Privately owned housing starts in December decreased 1.4% month over month and 21.8% year over year to a seasonally adjusted annual rate of 1,382,000, according to the U.S. Census Bureau and the Department of Housing and Urban Development. The December rate for units with five units or more was 463,000.
Single-family housing starts in December increased 11.3% month over month to a rate of 909,000. Doug Duncan, chief economist at Fannie Mae, says the surge in single-family starts “was due almost entirely” to a 96.9% increase in single-family construction in the Northeast. Duncan says Fannie Mae believes the surge in single-family starts is likely “an anomaly.”
Cumulatively in 2022, an estimated 1,553,300 housing units were started. The estimate represents a 3% decrease from the 2021 figure of 1,601,000.
“As we’ve seen buyers pull back from recent highs, builders have realized it no longer makes sense to build as many homes as they did over the past couple of years, especially speculative homes,” says Zonda chief economist Ali Wolf. “Housing starts are realigning with home sales. The slower spec building along with the more cautious tone in the market has resulted in a slower starts pace nationwide.”
Privately owned housing completions in December decreased 8.4% month over month to a seasonally adjusted annual rate of 1,411,000. Completions increased 6.4% on a year-over-year basis compared with December 2021. Single-family completions in December decreased 8% month over month to a rate of 1,005,000. The rate of completions for units in buildings with five units or more was 385,000 in December.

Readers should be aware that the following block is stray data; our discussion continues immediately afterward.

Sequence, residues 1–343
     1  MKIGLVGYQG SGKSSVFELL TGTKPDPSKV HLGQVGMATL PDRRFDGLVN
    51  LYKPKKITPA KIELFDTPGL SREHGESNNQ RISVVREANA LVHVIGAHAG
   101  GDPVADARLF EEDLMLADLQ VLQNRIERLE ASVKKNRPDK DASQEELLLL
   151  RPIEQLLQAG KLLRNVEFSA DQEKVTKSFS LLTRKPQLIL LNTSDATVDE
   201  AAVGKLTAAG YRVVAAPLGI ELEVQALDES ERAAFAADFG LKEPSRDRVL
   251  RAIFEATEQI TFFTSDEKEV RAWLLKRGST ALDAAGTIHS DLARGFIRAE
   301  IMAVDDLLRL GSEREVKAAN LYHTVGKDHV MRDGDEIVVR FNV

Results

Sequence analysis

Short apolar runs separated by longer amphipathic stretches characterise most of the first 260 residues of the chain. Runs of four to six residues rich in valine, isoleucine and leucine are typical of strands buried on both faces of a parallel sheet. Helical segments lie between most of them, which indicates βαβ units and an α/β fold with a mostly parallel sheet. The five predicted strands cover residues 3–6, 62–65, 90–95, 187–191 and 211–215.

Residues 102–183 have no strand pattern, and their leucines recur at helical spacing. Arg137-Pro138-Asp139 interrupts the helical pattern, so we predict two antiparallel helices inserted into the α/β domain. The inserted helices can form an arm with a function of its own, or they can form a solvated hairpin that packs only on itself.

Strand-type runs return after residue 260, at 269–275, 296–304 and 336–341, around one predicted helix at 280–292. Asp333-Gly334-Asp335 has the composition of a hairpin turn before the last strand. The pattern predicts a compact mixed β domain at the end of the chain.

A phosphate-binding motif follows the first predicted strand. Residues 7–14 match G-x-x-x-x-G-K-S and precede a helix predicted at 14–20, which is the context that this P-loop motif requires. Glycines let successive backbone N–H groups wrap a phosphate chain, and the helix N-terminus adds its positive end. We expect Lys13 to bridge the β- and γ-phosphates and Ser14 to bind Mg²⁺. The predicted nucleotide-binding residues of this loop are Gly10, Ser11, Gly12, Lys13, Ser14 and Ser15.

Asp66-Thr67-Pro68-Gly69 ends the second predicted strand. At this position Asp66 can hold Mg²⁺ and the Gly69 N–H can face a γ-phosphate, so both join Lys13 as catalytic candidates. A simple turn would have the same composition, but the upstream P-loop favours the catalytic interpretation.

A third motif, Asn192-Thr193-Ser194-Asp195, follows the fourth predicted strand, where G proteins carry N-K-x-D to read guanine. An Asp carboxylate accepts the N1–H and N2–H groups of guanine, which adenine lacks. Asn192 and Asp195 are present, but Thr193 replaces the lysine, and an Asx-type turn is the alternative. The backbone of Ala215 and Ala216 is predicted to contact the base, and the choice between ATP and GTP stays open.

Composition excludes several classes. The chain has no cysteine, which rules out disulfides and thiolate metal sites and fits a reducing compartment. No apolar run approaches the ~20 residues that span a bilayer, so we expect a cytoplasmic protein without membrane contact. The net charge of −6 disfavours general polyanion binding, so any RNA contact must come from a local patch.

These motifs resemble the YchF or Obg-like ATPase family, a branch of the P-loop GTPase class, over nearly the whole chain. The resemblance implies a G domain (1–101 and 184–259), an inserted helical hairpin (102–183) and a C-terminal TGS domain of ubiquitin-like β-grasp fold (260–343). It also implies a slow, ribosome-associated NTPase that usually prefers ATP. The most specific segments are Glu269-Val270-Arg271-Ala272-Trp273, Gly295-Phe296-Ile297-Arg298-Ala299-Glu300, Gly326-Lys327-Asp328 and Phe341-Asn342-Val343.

For the full year, an estimated 1,392,300 housing units were completed in 2022. The estimate represents a 3.8% increase from 2021.
Privately owned housing units authorized by building permits in December decreased 1.6% month over month to a seasonally adjusted rate of 1,330,000. The rate is 29.9% below the December 2021 rate. Single-family authorizations in December decreased 6.5% to 730,000. An estimated 1,649,4000 housing units were authorized by building permits in 2022, a 5% decrease from 2021.
“We think single-family permits, which declined nationally by 6.5% to a SAAR (seasonally adjusted annual rate) of 730,000 is likely more indicative of the broader trend in new-home construction,” Duncan says. “Therefore, while Q4 came in higher than expected, we continue to forecast a decline in starts over the coming quarters as elevated mortgage rates and a broader economic slowdown weigh on demand. Still, there is some upside risk to our forecast as mortgage rates have pulled back in recent weeks and the prices for many construction inputs have retreated from pandemic highs, potentially allowing builders to offer deeper price concessions to spur sales while still maintaining profit margins.”